Green v Broadcasting Corporation of New Zealand: PC 18 Jul 1989

Format of TV show not copyrightable

Court of Appeal of New Zealand – The plaintiff had developed the program ‘Opportunity Knocks’ on British television. He claimed copyright in the general structure or format of a similar television programme in New Zealand, and also in passing off. By ‘dramatic format’ the appellant meant the characteristic features of the show which were repeated in each performance. These were the title, the use of various catch phrases, the use of a device called a ‘clapometer’ to monitor audience reaction and the use of sponsors to introduce competitors.
Held: The format of the show was not was a dramatic work protected by copyright. The evidence given to the court was particularly diffuse, taling of gimmicks, such as the use of a ‘clapometer’, and there was no sufficient unity or coherence for a dramatic work to exist under copyright law.
Lord Bridge said: ‘It is stretching the original use of the word ‘format’ a long way to use it metaphorically to describe the features of a television series such as a talent, quiz or game show which is presented in a particular way, with repeated but unconnected use of set phrases and with the aid of particular accessories. Alternative terms suggested in the course of argument were ‘structure’ or ‘package’. This difficulty in finding an appropriate term to describe the nature of the ‘work’ in which the copyright subsists reflects the difficulty of the concept that a number of allegedly distinctive features of a television series can be isolated from the changing material presented in each separate performance (the acts of the performers in the talent show, the question and answers in the quiz show etc.) and identified as an ‘original dramatic work’. No case was cited to their Lordships in which copyright of the kind claimed had been established.
The protection which copyright gives creates a monopoly and ‘there must be certainty in the subject matter of such monopoly in order to avoid injustice to the rest of the world:’ Tate v Fulbrook [1908] 1 KB 821, per Farwell J . . The subject matter of the copyright claimed for the ‘dramatic format’ of ‘Opportunity Knocks’ is conspicuously lacking in certainty. Moreover, it seems to their Lordships that a dramatic work must have sufficient unity to be capable of performance and that the features claimed as constituting the ‘format’ of a television show, being unrelated to each other except as accessories to be used in the presentation of some other dramatic or musical performance, lack that essential characteristic.’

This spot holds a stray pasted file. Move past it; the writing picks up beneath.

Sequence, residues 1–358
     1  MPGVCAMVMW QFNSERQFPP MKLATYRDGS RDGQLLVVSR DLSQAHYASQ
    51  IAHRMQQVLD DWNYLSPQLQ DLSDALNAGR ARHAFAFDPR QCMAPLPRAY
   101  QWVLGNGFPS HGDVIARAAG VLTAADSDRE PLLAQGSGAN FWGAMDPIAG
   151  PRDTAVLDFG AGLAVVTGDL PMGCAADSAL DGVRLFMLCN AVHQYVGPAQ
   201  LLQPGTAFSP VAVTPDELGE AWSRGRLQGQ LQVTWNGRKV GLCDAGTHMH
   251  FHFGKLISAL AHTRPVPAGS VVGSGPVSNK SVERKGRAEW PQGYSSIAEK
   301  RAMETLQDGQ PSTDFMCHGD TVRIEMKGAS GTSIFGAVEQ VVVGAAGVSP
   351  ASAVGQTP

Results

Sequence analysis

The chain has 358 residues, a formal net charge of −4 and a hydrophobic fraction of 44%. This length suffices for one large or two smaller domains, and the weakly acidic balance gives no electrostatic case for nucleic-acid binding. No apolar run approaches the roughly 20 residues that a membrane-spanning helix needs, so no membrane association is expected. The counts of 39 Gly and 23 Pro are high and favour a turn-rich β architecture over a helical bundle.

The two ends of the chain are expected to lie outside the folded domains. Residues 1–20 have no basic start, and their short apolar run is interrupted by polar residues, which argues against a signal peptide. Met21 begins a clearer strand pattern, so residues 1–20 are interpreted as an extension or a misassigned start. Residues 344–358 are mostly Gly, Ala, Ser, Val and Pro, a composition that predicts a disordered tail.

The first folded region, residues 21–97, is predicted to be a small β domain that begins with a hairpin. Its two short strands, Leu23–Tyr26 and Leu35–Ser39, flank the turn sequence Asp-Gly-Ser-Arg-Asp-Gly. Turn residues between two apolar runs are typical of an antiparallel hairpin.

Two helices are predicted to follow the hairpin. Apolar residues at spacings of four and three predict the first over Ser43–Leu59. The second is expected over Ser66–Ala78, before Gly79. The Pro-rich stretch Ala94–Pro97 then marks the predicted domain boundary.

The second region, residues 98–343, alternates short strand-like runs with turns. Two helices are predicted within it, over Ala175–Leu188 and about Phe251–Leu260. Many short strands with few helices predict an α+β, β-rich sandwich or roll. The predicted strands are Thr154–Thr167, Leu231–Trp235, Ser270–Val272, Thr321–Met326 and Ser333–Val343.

Lord Bridge
[1989] RPC 700, [1989] UKPC 26
England and Wales
ApprovedTate v Fulbrook 1908
Farwell LJ said of the Copyright Acts: ‘The Act creates a monopoly, and in such a case there must be certainty in the subject-matter of such monopoly in order to avoid injustice to the rest of the world.’ Copyright subsists in different categories . .
CitedFrancis Day and Hunter Limited v 20th Century Fox Corporation Limited PC 12-Oct-1939
(Ontario) Copyright protection was asserted on in connection with the title to a film (‘The Man Who Broke the Bank at Monte Carlo’).
Held: It was not a literary work capable of attracting copyright protection. As a rule, such titles do not . .
Appeal fromGreen v Broadcasting Corporation of New Zealand 22-Sep-1988
(Court of Appeal of New Zealand) The plaintiff had created a hugely sucessful TV programme in the UK, called Opportunity Knocks. He now appealed against rejection of his claim in copyright alleging that the defendant had copied the format, and also . .

Cited by:
CitedIPC Media Ltd v Highbury-Leisure Publishing Ltd ChD 21-Dec-2004
The claimant magazine publisher alleged breach of copyright by the defendant in their magazine, as to the cover page designs used. It was not clear just which cover was said to have been copied.
Held: The first step in a copyright action is . .
CitedBaigent and Another v The Random House Group Ltd (The Da Vinci Code) ChD 7-Apr-2006
The claimants alleged infringement of copyright by the defendant publishers and author in the plot and otherwise in the book ‘The Da Vinci Code’. They said that their own work had been copied substantially, using themes and copying language. The . .
CitedNova Productions Ltd v Mazooma Games Ltd and others ChD 20-Jan-2006
The claimant alleged copyright infringement in respect of computer games in the coin operated video market. It was said not that the games copied bitmap graphics, but rather the composite frames which appeared on the screen.
Held: The games . .
CitedMeakin v British Broadcasting Corporation and Others ChD 27-Jul-2010
The claimant alleged that the proposal for a game show submitted by him had been used by the various defendants. He alleged breaches of copyright and of confidence. Application was now made to strike out the claim. . .

Lists of cited by and citing cases may be incomplete.

Intellectual Property

Leading Case

Updated: 01 November 2021; Ref: scu.231500